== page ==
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The 2014 IFS Green Budget

This briefing deals with selected chapters in the latest IFS Green Budget, focusing in particular on the prognosis for the UK economy, the public finances, and incomes growth. Also dealt with are chapters on business rates, housing, and policies to help the low paid. This briefing will be of particular interest to members and officers in all authorities concerned with finance and strategic planning. Despite the improvement in GDP growth, real average earnings are shown to remain broadly flat between 2013-15 and to rise slowly thereafter. However, they do not rise above their 2009-10 position until 2018-19, and then only slightly. Overall, living standards are highly unlikely to recover their pre-crisis levels by 2015–16. Recovery from recession has been slower than in previous economic downturns, and hence the current programme of fiscal contraction is unusually deep and protracted. Of the total planned contraction in spending, nearly half (46 per cent) is planned to have been achieved by the end of 2013–14. A large proportion of the cuts to planned spending is still to come. Only 36 per cent of the cuts to planned spending excluding social security and debt interest payments will be in place by the end of 2013–14, meaning further cuts to departmental budgets.

The vanishing high street: the Grimsey Review

The last three years have seen various strands of work, by Government, local authorities and civil society to draw together policies and measures to help preserve and rejuvenate high streets and town centres, notably activity stemming from Mary Portas’ Government-commissioned review in 2011. In September 2013, former Wickes and Iceland Chief Executive Bill Grimsey released a rival review, put together by an expert team and explicitly set up as an alternative to Portas’ work, which Grimsey criticised. This briefing summarises the main points of Grimsey’s review and briefly discusses its context, reception and likely future. This briefing is relevant to councillors and officers across all areas and all tiers of local government, particularly those involved with planning and economic development.

The future of high streets: progress since the Portas Review

Eighteen months on from the Portas Review of high streets, the Government has published a progress report on national and local policies and initiatives to revitalise high streets and town centres. This briefing summarises the report and offers comment on key related developments and issues affecting high streets policy.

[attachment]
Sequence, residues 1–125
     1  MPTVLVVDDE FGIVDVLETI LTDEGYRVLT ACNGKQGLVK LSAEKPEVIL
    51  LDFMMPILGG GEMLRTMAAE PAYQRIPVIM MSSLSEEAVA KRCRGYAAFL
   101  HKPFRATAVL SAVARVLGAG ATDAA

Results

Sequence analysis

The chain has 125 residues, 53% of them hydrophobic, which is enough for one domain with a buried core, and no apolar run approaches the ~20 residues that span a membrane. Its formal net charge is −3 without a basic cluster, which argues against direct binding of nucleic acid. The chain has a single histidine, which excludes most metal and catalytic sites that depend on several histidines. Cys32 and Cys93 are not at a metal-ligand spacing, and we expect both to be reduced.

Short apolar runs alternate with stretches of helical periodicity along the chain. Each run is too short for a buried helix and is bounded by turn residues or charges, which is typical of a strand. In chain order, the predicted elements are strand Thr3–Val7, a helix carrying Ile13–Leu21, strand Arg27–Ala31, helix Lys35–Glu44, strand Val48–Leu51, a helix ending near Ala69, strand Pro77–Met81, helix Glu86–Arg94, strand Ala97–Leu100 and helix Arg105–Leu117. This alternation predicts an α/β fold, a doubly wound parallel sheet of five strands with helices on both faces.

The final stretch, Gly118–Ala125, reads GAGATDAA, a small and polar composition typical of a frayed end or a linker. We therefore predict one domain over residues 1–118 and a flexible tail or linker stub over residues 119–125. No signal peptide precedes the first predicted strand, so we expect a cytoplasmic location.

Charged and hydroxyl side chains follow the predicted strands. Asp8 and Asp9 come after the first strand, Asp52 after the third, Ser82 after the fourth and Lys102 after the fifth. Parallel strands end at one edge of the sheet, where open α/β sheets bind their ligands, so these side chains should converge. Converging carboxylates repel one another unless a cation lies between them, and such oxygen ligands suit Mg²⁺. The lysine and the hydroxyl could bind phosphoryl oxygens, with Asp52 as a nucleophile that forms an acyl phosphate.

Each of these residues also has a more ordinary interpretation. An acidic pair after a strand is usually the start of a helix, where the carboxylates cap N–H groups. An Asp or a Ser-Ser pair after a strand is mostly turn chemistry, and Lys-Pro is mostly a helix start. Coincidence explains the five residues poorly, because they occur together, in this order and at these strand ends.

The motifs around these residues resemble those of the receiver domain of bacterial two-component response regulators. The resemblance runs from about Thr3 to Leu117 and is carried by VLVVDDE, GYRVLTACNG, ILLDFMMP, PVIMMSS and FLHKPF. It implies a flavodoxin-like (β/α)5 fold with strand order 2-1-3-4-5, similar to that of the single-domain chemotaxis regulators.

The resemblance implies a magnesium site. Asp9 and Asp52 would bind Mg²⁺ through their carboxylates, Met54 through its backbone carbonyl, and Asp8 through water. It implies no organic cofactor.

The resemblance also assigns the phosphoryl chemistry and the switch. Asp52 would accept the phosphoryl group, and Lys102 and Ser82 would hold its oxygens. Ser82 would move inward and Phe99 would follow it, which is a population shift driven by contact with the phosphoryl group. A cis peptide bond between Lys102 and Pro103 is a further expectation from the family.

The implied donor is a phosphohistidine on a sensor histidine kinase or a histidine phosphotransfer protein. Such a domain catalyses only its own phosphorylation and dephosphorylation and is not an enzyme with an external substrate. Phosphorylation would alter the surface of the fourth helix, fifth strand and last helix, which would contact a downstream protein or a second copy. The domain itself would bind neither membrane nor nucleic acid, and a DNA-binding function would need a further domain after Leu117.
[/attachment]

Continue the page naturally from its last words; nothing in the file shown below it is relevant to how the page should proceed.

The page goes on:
This briefing is relevant to councillors and officers across all areas and all tiers of local government, particularly those involved with planning and economic development.

Local Government Finance Act 2012 – Non-domestic rates

The Local Government Finance Act 2012 introduces a business rates retention scheme in England enabling local authorities to retain a proportion of the non-domestic rates generated in their area.
It also supports the development of Tax Incremental Financing and Enterprise Zones by enabling local authorities to borrow for capital schemes against projected growth in business rate income.
This briefing will be of interest to local authority cabinet and elected members and officers with an interest in finance, housing, regeneration and economic development and infrastructure.

EVENT: The Financial Implications of the Localism Act and the Local Government Finance Bill

In February, LGiU published research we’ve conducted with local finance officers on the impact and implications of the Local Government Finance Bill. The full results can be found here. Some key findings are: 47% of councils thought they will lose financially through …

LGiU/MJ Local Finance Bill survey: analysis and infographics

  The LGiU and MJ council finances survey gives mixed reviews of how localist the government’s policies are and what the practical impact will be.  A clear majority believe the government’s finance bill is decentralising, but around half are concerned that they …

LGiU on front page of today’s MJ

Research conducted by the LGiU is the headline story of this week’s MJ. You can read a summary of the story for free here, and the full version here (£). We will be posting our own analysis tomorrow, complete with …

Mr Pickles will be pleased. Most councils are set to freeze council tax this year

A press release from DCLG yesterday announced that over 200 councils have signalled intentions to freeze council tax over 2012/13. Eric Pickles, Secretary of State for Communities and Local Government, said “Freezing council tax is a concrete way councils can …

“The Localism Act – over to you”

Today we’re in Bristol hosting a major one-day policy conference for the south-west and west midlands. The Localism Act – over to you brings together Local Government Minister Andrew Stunell, Cities Advisor Lord Shipley, with a range of local councillors and officers as well …

Oral Questions to the Secretary of State for Communities and Local Government

The Question session will take place today at 2.30pm. LGiU will cover the oral questions live and will produce a briefing available to member authorities. 1 Mr Douglas Carswell (Clacton): What steps his Department has taken to increase transparency in (a) …